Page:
Microsoft Office Tutorials and References
In Depth Information
The group site comes prebuilt with the usual Shared Documents library, a Team Discussion
list, a custom group calendar, and some extremely handy lists. Let’s populate these lists and
take a closer look at what the group site can do.
F A M I L I A R L I B R A R I E S A N D L I S T S
There is a standard document library, which will be used by the tech department to store
documentation and guides. You could also create a wiki-page library for tips and tricks. There is also
a Team Discussion list available for debates and discussions about technical topics. You’ll also
notice the Quick Launch bar has a header for Pictures, but no picture libraries, and a header for
Surveys but no survey list. So, you can either create these lists and libraries or edit the Quick
Launch bar to remove these unnecessary headers.
On the right side of the home page you’ll see a What’s New web part—this will populate
with new items on the Circulation, Phone List Memo, and Group Calendar lists as they get used,
all filtered by the current user (so when you log in, you can see what’s new for you at a glance).
At the bottom is the normal Links list web part.
There’s also a Whereabouts web part, which ties directly into the Whereabouts list. This is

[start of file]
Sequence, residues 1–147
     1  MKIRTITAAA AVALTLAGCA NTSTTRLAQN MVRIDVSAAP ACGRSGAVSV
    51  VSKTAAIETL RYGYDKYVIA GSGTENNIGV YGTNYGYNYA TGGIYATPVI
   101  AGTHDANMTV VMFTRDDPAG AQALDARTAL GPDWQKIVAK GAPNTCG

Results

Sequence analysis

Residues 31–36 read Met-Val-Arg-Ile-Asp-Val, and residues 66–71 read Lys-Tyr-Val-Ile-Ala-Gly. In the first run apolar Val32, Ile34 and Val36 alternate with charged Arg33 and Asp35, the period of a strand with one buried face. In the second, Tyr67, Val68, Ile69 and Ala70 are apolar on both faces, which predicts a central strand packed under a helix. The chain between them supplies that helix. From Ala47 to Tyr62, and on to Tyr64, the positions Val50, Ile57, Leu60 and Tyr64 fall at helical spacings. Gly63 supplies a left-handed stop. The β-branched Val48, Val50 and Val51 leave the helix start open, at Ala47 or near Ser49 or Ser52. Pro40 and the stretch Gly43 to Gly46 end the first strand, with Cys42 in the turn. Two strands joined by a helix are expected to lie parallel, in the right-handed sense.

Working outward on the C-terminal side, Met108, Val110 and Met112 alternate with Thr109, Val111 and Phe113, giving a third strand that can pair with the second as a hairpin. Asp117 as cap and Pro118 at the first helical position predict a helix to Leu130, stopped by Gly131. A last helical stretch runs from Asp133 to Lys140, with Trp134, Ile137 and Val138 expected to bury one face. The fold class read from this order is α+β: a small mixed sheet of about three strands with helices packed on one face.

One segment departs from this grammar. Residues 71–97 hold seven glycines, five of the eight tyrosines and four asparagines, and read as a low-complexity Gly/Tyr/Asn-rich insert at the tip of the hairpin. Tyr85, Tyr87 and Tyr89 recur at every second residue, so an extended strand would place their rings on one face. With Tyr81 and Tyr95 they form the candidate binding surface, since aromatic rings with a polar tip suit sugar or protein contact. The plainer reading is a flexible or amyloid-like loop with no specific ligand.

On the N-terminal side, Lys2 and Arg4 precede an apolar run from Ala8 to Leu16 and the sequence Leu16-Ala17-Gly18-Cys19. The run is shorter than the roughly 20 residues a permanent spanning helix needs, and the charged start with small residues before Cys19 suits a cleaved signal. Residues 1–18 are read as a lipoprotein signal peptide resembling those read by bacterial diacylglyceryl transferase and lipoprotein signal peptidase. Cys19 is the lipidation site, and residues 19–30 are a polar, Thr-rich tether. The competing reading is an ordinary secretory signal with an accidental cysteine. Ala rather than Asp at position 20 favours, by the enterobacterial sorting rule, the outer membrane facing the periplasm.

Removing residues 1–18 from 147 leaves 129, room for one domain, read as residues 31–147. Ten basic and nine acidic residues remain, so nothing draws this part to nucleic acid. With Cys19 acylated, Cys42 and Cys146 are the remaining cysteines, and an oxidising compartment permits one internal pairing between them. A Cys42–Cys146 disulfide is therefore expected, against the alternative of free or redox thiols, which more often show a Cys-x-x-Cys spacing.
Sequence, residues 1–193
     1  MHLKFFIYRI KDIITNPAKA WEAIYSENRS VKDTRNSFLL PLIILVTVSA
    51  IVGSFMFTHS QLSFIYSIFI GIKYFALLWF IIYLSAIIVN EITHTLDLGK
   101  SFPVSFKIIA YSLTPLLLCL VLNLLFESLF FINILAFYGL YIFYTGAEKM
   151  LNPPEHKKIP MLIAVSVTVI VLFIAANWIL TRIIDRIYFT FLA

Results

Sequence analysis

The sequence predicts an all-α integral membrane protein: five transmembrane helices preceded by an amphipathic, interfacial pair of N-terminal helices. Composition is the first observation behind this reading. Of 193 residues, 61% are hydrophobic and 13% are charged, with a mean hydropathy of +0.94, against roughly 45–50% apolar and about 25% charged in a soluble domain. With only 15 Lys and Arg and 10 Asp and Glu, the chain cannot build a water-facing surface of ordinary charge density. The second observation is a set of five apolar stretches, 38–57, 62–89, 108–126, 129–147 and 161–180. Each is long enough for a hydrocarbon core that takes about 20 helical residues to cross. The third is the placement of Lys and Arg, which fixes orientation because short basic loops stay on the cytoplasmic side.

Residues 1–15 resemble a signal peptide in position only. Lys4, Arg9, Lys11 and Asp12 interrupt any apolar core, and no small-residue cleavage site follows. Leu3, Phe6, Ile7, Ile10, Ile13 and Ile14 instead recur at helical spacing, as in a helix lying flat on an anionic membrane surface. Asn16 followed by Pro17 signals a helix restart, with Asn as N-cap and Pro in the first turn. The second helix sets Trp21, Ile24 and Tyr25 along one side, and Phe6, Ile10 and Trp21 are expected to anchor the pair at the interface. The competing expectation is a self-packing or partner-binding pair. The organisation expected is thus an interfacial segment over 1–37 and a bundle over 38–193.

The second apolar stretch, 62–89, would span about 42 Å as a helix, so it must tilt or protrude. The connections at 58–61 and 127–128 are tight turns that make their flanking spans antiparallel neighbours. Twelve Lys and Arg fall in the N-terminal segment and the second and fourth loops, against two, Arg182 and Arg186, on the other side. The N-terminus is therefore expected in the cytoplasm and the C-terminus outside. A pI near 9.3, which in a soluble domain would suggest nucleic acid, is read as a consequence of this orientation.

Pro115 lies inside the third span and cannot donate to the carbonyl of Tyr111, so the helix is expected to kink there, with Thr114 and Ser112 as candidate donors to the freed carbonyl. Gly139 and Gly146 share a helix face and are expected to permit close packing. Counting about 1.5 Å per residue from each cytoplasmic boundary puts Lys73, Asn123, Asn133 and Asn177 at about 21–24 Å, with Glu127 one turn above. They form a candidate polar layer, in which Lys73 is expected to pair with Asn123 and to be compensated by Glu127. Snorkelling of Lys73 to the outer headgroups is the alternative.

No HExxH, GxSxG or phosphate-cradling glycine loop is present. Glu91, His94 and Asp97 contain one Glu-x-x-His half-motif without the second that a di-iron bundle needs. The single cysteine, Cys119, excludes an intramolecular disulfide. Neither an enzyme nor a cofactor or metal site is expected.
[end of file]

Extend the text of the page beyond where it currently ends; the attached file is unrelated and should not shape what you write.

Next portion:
one of two background lists.
B A C K G R O U N D L I S T S
You should look at and set up two background lists before you go much further. They don’t
appear on the Quick Launch bar, because they’re designed to be set up first, and their primary
focus is to support and enhance the other lists and the home page. These need to be populated
before you can use all the features of the group site.
These two lists are Resources and Whereabouts, and you can see them if you click the Lists
header in the Quick Launch bar (or if you go to the All Site Content page).
The Resources list (see Figure 9.43) is for physical items—rooms, projectors, vehicles, or any
other resources that are shared within the group. These are then added to events in the group
calendar, so (for example) you can list Conference Room A as a resource. Then, if an event is
created for a meeting in Conference Room A, you can add the resource to the event, which marks
it as booked for the duration of the meeting (even if the meeting event is later rescheduled, that
resource is rescheduled with it). I’m going to quickly populate the list with some resources
available to the tech department.
The Resources list also supports resource groups—a different content type for the list, used
to group resources. We’ll use resource groups later when it comes time to reserve resources.
Think of a resource group as a filter for the type of resource. For example, you can place all the
conference rooms into a resource group called Rooms. To add a new resource group, hit the
arrow at the base of the New Item button and choose Resource Group. When creating the group,
you can select the resources that belong in the group. See Figure 9.44.
You’ll notice that you can select only existing resources, so you’ll need to add all the
resources first, before creating the groups. Otherwise, you’ll need to edit the resource group
after you’ve added the missing resources.
Go ahead and create a resource group called Rooms and place conference rooms into it. Now
you have some resources and resource groups to work with later.